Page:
Totnes is an ancient town with many old stone walls lining passageways, roads and the edges of gardens. In spring and summer, the wintery-dark stone of these walls erupts with clumps of green leaves followed by dense, rounded clusters of tiny flowers, usually a bright pink, so that the clusters resemble scoops of strawberry ice cream. This plant is red valerian (Centranthus ruber) and is thought to have been introduced from the Mediterranean in the late 16th century. It is now naturalised in the UK and common in England and Wales, especially in the south west where it insinuates its roots into the mortar in the old walls wherever it can get a toehold. Its colourful flowers lend a hint of the Mediterranean to some west country towns.
Despite this summer’s very dry weather, some valerian flower heads still remain attracting insects looking for late season nectar. Large furry bumblebees scramble about the colourful flowers and white butterflies perch on flower heads but the plant is a particular favourite of a spectacular day flying moth with a wingspan of about 5cm, the hummingbird hawk moth (Macroglossum stellatarum). Most years I see one of these moths but this summer I have had many more sightings especially in the last week of August and first week of September. A long spell of warm southerly winds may have brought the moths northwards from their Mediterranean strongholds.
A clump of red valerian hanging from an old stone wall in our street has been very popular with the moths. On several recent days, a hummingbird hawk moth has appeared by a flower head, as if from nowhere, and hovered, its long proboscis deftly inserted into one tiny flower collecting nectar from the base of the corolla. The moth seems to hang in the air, its greyish body with black and white chequered rear showing well. Its brown and orange wings beat so rapidly that they appear as a blur and create an audible hum. When it has finished with one flower cluster, it jinks to another.
There is something magical about these elegant creatures and I feel privileged to be able to see them. My feelings, though, are tinged with sadness as their arrival in greater numbers is a reflection of our rapidly changing climate.
During the hot weather in the first few weeks of August, we took to sitting in the shade by our pond with our mid-morning coffee. Butterflies, bees and hoverflies passed by, sometimes stopping on nearby flowers, but the main attraction was a large clump of lavender. With its many purple flowers and grey green foliage, it lent a sweet scent to the air as it cascaded down a rough stone wall by the path and was thronged with medium sized bumblebees. The heat seemed to stimulate them and they moved continuously from flower to flower, stopping only briefly to feed. Each time they moved to a new flower head the stem dipped as it took their weight only to spring back as it adjusted. Sometimes the light reflected off their wings like glittering fragments of glass. With all this activity, the lavender clump appeared to be alive.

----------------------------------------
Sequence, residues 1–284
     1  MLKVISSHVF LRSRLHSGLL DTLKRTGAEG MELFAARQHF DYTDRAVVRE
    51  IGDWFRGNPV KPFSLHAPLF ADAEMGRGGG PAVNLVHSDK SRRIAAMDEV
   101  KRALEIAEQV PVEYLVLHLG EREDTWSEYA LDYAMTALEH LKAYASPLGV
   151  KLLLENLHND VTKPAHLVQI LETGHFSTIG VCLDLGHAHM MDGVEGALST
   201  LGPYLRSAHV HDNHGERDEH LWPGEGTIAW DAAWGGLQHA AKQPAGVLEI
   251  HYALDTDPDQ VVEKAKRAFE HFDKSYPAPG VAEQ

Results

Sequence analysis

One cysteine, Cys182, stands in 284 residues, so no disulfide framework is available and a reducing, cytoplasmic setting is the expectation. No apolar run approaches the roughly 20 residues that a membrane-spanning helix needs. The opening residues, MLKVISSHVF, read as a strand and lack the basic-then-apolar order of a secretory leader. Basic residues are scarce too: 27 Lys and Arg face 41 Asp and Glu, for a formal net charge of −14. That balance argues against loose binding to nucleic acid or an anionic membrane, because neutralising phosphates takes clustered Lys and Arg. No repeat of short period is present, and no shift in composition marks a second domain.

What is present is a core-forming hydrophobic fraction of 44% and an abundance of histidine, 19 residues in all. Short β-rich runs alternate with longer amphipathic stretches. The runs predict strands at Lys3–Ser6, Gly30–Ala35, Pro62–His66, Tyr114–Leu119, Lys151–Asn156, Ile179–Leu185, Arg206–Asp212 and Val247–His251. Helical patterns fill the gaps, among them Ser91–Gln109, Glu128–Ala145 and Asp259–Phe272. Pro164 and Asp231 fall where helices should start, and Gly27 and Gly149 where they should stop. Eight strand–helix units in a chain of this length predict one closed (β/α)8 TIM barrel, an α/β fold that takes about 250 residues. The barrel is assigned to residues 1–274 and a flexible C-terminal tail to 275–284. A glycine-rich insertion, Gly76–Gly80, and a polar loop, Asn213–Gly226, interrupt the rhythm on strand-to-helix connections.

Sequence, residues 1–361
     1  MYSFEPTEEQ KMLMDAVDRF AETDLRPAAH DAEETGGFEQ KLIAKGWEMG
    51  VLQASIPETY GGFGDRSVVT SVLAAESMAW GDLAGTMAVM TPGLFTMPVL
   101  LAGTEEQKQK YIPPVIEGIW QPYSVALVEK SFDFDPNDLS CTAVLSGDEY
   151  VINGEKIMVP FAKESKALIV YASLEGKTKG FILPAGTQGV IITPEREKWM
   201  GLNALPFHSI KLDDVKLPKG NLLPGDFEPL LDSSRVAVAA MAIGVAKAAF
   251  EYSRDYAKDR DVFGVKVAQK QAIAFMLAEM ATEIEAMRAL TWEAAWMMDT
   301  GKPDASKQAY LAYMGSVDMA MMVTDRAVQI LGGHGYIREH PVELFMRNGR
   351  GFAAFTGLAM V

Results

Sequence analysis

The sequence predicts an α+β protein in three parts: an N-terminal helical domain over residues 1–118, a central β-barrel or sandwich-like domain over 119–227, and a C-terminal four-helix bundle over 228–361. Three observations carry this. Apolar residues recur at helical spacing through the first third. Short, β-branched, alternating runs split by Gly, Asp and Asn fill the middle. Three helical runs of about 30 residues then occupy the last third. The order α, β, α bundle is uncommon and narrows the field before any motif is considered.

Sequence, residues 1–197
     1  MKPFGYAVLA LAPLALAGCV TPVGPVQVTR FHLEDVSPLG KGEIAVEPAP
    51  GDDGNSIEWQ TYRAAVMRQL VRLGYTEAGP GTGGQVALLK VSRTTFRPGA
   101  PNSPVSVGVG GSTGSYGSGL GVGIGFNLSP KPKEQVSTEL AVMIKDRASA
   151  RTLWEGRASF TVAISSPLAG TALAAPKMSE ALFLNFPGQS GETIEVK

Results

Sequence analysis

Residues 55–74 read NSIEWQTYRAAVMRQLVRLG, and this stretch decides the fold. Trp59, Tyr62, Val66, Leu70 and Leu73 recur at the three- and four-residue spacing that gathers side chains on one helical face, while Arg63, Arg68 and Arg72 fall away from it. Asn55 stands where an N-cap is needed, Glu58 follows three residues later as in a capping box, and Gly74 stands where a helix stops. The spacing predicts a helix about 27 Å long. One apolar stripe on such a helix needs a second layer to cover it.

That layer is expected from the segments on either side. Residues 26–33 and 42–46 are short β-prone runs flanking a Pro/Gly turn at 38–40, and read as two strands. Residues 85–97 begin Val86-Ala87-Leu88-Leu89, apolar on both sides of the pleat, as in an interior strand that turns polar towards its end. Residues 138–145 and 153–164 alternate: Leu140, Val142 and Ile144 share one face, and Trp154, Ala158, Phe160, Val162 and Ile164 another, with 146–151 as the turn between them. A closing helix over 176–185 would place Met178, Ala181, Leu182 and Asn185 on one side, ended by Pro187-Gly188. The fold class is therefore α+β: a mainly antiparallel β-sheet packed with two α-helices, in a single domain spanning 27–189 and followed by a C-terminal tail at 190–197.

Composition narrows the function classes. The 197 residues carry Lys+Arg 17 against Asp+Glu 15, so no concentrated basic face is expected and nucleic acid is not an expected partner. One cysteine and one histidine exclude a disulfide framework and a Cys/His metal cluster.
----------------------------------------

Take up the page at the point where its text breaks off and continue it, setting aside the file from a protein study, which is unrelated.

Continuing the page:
In the middle of the day, up to ten bumblebees could be seen moving about the lavender clump at any one time and with their black, yellow and white striped furry bodies they looked superficially to be of the same species, probably buff-tailed bumblebees (Bombus terrestris). Photographs supported this identification and examination of their back legs showed they were males. These male buff-tailed bumblebees will have emerged from a nest that reached maturity during the summer and males, once out of the nest, cannot return and spend their time searching for virgin queens and feeding. Dave Goulson has likened the gangs of male bumblebees drinking nectar on flowers such as lavender to groups of men propping up the bar in a pub.
I wondered what they did at night and one evening I walked past the lavender and found three immobile male bumblebees attached upside down to flower heads (see pictures at the head of this post and below). This was their roost and one of more was there roosting on many subsequent evenings. Male bumblebees have a short life, a few weeks, and by the third week of August numbers had dropped and those that were still about looked rather sluggish. Small brown Common Carder bees (Bombus pascuorum) began to take over the clump but that was also beginning to show signs of age.
There’s a path I often take on my way into town. It runs between the back gardens of two rows of houses and is probably an ancient right of way. Much of the path is lined by old stone walls, softened in summer by the pinks and purples of valerian and campanula. Walking along here one early June morning, I was surprised to find a dense mass of flower spikes, some up to a metre tall, rising from a bank usually covered in rough grass. Whorls of purplish red flowers decorated with white art deco-style patterns grew around each stem above heart-shaped leaves, toothed and pale green, nettle-like but without the sting. This is hedge woundwort (Stachys sylvatica). To some, it’s an invasive weed but to me it’s a beautiful wild flower, attractive to insects and with interesting medicinal properties.